PGP David Allen, Chairman
For some of you who have been watching, you will see that the restoration of the Pioneer Monument in Truckee is on the horizon. This was the Native Sons first major project and was completed in 1918 after 20 years in the planning. The hope is that the restoration will not take that long. There will be an event of some kind near the date of June 6, 2018 to recognize a step in this new adventure. This will be a long and arduous process which is much different than what the HPF has been doing for last several years.
The Pioneer Monument is not only a representation of that iconic era of California history, it is when the Native Sons stepped up to the plate and took the lead and had the staying power of taking on a significant project. Not only was this a major accomplishment for the State of California, it was a major project for the Native Sons which culminated with the donation of the land and statue to the State of California in 1928 to be “maintained in perpetuity”. From the purchase of Sutter’s Fort in 1890 and the construction of the Marshall Monument also in 1890, the following 40 years put the Native Sons in the forefront of historical societies in California.
For the last several years, the HPF has been in a comfortable niche of awarding grants in the $500 to $5000 range with a few times going more. Some of the larger grants have been pledges until enough progress or assurances have been provided to complete the grant process. In addition many of the grants have been for matching funds either from a local parlor, organization, or a governmental agency. It should be noted that none of the growth of the HPF would even be possible without the continued support and confidence of the members and parlors of the Native Sons of the Golden West.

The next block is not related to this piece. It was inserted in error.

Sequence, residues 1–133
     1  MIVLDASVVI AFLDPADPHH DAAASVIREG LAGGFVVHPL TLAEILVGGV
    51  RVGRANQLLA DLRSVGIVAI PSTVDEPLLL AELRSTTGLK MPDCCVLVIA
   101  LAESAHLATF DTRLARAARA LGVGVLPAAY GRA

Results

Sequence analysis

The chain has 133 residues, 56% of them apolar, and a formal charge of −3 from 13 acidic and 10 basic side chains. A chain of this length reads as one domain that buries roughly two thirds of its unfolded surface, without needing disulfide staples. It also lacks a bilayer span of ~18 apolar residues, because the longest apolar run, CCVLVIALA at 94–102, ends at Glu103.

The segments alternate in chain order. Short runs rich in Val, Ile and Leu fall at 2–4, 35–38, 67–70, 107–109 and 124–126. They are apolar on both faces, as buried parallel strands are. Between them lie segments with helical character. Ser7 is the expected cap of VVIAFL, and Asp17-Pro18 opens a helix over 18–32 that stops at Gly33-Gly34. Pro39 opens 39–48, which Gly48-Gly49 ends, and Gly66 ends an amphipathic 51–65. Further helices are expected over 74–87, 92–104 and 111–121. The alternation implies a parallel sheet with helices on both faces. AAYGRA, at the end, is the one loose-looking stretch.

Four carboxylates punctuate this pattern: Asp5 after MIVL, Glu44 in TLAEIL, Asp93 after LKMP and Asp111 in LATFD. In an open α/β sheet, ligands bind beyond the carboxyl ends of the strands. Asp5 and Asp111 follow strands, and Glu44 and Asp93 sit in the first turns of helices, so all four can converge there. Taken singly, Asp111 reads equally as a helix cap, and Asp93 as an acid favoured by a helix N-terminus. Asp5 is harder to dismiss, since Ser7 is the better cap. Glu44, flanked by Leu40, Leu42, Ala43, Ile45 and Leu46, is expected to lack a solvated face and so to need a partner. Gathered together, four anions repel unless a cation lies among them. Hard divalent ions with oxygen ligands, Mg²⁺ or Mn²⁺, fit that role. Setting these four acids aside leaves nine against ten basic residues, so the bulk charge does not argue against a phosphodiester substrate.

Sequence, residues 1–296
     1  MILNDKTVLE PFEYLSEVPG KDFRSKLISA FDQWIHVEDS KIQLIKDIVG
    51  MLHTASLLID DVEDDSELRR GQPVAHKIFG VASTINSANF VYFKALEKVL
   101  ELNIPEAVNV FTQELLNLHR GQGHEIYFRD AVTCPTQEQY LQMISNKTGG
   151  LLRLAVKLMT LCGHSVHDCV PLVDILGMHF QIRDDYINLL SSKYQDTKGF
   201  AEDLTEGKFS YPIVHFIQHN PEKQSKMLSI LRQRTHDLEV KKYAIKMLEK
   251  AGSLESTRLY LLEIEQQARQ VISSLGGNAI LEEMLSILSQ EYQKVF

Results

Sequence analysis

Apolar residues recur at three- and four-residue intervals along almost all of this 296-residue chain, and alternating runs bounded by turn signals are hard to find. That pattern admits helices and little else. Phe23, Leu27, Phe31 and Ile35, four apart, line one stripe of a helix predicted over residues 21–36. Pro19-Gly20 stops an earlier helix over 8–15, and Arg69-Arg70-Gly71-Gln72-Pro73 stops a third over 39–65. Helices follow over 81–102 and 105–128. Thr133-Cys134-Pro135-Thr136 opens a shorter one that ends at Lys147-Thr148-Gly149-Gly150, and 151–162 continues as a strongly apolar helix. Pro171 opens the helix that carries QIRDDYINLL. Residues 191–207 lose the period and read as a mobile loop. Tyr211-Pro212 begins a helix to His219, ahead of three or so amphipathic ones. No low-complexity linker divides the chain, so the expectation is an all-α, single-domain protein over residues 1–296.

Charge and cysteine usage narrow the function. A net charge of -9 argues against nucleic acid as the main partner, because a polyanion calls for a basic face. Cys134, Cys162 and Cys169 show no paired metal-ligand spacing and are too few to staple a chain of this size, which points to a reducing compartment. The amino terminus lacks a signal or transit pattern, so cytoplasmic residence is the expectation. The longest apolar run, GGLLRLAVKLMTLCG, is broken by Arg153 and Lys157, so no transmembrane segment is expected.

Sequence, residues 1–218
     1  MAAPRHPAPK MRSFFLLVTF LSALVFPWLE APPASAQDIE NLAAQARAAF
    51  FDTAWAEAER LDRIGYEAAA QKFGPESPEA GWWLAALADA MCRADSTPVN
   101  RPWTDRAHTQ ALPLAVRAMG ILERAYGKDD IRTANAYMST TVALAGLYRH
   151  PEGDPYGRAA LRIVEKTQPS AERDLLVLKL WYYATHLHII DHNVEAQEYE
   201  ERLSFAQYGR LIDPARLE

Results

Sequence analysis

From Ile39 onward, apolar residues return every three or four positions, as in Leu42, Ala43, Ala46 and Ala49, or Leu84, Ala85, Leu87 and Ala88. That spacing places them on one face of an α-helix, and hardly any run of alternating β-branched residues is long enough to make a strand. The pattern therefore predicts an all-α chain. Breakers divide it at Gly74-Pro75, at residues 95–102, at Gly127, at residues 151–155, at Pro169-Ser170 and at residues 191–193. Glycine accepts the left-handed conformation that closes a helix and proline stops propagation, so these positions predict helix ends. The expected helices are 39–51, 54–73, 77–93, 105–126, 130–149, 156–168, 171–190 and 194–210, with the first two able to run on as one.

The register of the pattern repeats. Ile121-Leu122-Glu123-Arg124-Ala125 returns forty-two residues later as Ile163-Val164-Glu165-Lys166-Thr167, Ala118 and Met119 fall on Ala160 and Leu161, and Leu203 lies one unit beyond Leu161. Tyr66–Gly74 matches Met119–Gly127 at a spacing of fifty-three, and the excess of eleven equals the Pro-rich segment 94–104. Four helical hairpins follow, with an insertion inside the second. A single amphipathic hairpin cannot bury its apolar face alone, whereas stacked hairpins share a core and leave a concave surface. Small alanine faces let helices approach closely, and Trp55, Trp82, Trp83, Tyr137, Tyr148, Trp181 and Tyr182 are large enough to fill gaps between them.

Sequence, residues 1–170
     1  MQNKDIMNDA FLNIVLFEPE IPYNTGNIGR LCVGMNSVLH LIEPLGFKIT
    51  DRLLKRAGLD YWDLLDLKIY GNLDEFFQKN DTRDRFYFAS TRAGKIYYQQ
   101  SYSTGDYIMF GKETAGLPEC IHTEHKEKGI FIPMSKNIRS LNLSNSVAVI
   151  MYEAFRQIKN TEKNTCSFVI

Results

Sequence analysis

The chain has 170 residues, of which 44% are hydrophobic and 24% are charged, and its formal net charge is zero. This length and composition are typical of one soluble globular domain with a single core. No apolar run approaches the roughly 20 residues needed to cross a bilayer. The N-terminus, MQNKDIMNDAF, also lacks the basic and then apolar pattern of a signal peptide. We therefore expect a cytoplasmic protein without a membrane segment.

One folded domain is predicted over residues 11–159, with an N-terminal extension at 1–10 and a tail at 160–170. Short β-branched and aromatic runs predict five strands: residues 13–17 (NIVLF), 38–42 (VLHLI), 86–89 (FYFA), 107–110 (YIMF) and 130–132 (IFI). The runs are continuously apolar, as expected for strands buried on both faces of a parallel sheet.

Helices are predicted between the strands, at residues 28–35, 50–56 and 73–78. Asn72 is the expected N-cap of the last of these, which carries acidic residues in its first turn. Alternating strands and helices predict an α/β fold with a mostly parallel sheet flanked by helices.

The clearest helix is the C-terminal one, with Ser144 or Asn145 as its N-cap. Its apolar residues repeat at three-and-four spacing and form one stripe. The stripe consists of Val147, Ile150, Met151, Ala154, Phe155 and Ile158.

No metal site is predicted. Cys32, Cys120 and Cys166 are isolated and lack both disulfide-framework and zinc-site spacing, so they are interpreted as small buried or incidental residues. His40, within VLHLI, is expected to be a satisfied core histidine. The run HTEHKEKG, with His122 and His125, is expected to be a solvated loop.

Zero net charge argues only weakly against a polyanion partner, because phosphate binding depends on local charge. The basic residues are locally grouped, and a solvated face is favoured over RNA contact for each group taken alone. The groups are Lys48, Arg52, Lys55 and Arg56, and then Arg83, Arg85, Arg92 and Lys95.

The above mentioned project, the Pioneer Monument, is an opportunity to get back into our roots and be in the forefront of recognizing California history, but it comes with several caveats. The biggest one is the State of California itself and its bureaucratic processes. Unfortunately even though the bureaucracy is a burden it is sometimes a governmental requirement for the completion of any project. For any group to be successful it is important to recognize this and figure out how to move forward.
This past August 22 & 23, Krakower Structural Engineers and Griswold Conservation spent time going up and down the statue and pedestal probing, measuring, and looking. Step One is complete. Their report will be ready in October (Step Two), which should give us an idea of what this project will cost. The next steps or iterations will be time consuming and bureaucratic and I do not know how many or how long they will be. From this point it will be up to the State of California to determine how much it will fund. That is where the Sierra State Parks Foundation in collaboration with the HPF will come in. The Native Sons and HPF’s recent history with the State of California is to not go too far out on the limb until it is fully supported. But that does not stop the HPF from investigating and building a team in advance to get a project of this magnitude moving and completed once it starts. The new role which the Board of Directors of the HPF has endorsed will require expenditure of funds. It will take money to generate the amount of funding necessary to bring this project to a successful completion. And just as happened in 1918, Native Sons will need to take a lead role by securing funding from other sources.
The Pioneer Monument restoration represents the continued growth of the HPF over the years. The HPF will maintain its “bread and butter” of using mini-grants or small grants for many projects. They give the HPF the ability to make an impact quickly and to keep the HPF in the public eye. This is not a change in direction or focus; it is more of an evolution.
The obvious mission of the HPF is the education and preservation of California history. A hidden agenda of the HPF is increased membership in the Native Sons of the Golden West. Personally as a firm believer in the phrase “if you build it they will come”. In this case we can adapt that to “if you rebuild it, they will come again”.
In closing I would like to ask for your support of the Pioneer Monument project and for your comments on our involvement with a project of this magnitude. We are all Native Sons working for the same goals and your opinions are important to us. The HPF is available to come out and talk to you about this project and our foundation, so don’t hesitate to contact us.
Until next time Happy Trails.